Getting a Clear View of our Basic Beliefs

After all these years of having philosophical conversations, I’m beginning to see something more clearly. Our everyday lives are built upon an elaborate edifice that itself rests on an unexamined basic belief or set of beliefs. We employ strategies, devise plans, create projects, and generally engage with others on the basis of this basic belief or set of beliefs, something that is always potentially visible yet usually lying just outside of view. Such a belief may animate us, our whole lives without ever having been disclosed.

It is interesting to discover that human beings create such dense complexity, such intricate structures on such a simple and often flimsy, incorrect, skewed, or false foundation. Philosophizing isn’t so much an act of “excavation” as it is a way of slowly and methodically removing the inessentials, of carefully removing the scaffolding in order to give a clear view of that upon which a whole life rests. One has to take one’s time as if the basic belief were always hiding itself (by being in clear view). That is breathtaking.

Consider examples:

  • Someone thinks that in all things he had better appear interesting. If not, no one will like him. Imagine a theatrical life emerging therefrom.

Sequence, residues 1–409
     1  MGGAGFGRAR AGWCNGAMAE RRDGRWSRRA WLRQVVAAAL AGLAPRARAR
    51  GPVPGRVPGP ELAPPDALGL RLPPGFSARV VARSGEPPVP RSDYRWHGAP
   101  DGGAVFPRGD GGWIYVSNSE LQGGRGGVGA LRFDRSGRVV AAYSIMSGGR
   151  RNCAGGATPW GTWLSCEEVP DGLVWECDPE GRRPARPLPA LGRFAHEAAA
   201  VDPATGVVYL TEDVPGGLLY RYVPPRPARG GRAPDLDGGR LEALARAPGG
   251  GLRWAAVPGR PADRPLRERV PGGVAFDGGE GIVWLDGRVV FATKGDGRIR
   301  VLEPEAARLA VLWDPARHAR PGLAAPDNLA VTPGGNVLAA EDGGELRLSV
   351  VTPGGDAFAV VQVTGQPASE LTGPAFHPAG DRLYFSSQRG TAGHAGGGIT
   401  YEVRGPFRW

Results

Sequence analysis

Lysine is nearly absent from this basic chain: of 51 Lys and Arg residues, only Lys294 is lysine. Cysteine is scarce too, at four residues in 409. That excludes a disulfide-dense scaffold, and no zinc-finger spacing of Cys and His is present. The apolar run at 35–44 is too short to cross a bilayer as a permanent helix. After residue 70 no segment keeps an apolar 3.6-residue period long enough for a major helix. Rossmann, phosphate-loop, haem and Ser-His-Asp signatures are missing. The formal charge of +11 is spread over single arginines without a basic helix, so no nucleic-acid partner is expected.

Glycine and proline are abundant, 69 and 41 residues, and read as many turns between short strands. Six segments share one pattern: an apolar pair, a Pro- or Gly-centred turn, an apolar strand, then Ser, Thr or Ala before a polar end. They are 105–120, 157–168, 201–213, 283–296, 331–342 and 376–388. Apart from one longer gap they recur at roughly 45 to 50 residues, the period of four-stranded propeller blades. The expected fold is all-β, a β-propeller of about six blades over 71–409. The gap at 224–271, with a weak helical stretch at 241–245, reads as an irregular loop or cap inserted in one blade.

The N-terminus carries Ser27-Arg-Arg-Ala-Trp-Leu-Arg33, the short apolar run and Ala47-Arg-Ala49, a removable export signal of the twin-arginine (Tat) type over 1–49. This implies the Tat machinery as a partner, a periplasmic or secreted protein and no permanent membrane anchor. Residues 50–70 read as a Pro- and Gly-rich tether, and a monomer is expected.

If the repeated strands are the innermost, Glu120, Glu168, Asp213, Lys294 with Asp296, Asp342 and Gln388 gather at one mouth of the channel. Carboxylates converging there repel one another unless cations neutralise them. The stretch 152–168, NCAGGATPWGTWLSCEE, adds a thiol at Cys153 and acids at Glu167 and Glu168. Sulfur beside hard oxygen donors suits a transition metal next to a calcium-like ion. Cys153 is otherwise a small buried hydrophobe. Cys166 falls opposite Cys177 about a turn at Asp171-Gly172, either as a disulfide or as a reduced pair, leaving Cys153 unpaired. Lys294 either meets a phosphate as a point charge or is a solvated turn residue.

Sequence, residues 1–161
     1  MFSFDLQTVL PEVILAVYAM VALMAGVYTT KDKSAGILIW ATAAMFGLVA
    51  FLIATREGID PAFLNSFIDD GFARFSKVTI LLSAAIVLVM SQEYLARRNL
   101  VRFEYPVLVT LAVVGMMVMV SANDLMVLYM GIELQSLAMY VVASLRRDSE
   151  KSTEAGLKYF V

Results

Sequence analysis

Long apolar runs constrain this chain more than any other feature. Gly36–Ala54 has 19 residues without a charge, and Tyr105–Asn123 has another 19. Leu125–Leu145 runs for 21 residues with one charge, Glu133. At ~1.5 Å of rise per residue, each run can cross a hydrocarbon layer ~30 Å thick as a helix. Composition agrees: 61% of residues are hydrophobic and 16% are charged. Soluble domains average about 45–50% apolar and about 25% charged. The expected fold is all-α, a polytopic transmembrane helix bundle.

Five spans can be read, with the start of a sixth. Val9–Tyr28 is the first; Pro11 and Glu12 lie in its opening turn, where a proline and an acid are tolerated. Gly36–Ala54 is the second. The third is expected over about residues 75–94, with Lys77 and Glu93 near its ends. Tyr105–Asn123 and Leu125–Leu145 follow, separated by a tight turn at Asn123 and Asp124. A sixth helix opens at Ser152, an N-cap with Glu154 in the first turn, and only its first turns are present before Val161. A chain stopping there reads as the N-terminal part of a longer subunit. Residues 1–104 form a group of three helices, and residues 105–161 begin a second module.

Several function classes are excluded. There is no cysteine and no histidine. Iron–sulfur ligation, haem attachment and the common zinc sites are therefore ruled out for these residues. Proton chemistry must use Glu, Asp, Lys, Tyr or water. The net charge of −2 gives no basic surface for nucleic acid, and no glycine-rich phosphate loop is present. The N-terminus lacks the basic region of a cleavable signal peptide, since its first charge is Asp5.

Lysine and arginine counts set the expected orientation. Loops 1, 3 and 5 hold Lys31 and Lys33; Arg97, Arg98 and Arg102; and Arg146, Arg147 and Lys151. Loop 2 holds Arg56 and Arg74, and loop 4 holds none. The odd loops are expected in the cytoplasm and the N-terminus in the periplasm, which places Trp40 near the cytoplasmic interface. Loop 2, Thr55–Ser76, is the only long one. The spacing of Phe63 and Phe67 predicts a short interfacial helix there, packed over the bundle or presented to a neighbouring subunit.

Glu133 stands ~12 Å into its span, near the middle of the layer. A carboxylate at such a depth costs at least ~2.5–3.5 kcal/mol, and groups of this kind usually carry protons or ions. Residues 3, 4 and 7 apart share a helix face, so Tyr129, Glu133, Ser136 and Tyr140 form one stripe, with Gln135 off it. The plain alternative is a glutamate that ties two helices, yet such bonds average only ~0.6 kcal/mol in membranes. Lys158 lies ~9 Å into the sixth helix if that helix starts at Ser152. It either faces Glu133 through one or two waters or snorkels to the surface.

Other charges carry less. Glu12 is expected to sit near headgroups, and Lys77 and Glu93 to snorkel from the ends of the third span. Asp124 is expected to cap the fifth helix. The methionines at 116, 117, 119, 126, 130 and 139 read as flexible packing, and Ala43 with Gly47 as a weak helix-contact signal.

• Another thinks that whatever happens she’ll find a way of figuring it out. Imagine an agental, highly pragmatic, and very optimistic view of life.
  • Another thinks that he must make the most out of his talents. His predilection for overwork inserts him into a capitalistic order that feeds off his predilection (to the point at which he dies momentarily of overwork).
  • Another presents himself as a very nice guy in order to be seen by others. One could imagine intricate structures associated with the desire for fame and for social recognition arising out of such a basic belief.
  • Another could place the centrality of work first and then go on to devise sophisticated plans, projects, and the like without being able to appreciate the world around him.
  • Another puts the needs of others before her own, and thus what could emerge (e.g.) would be someone involved in non-profit work, the caring professions, or social justice. (I once met conversed who went so far as to put the needs of others before her own that, committed to social justice, she couldn’t stand to be alone with herself.)

Listing in this fashion doesn’t do justice to what it is like to inquire and inquire for years, going through all these sophisticated accounts and byzantine thought-arrangements and life-arrangements and then to behold with the utmost simplicity–revealed to us–precisely that which animates a person’s life…

Once such a basic belief is revealed, fully examined, and well understood, then what? How is one to free oneself from it? Ah, that is a great question!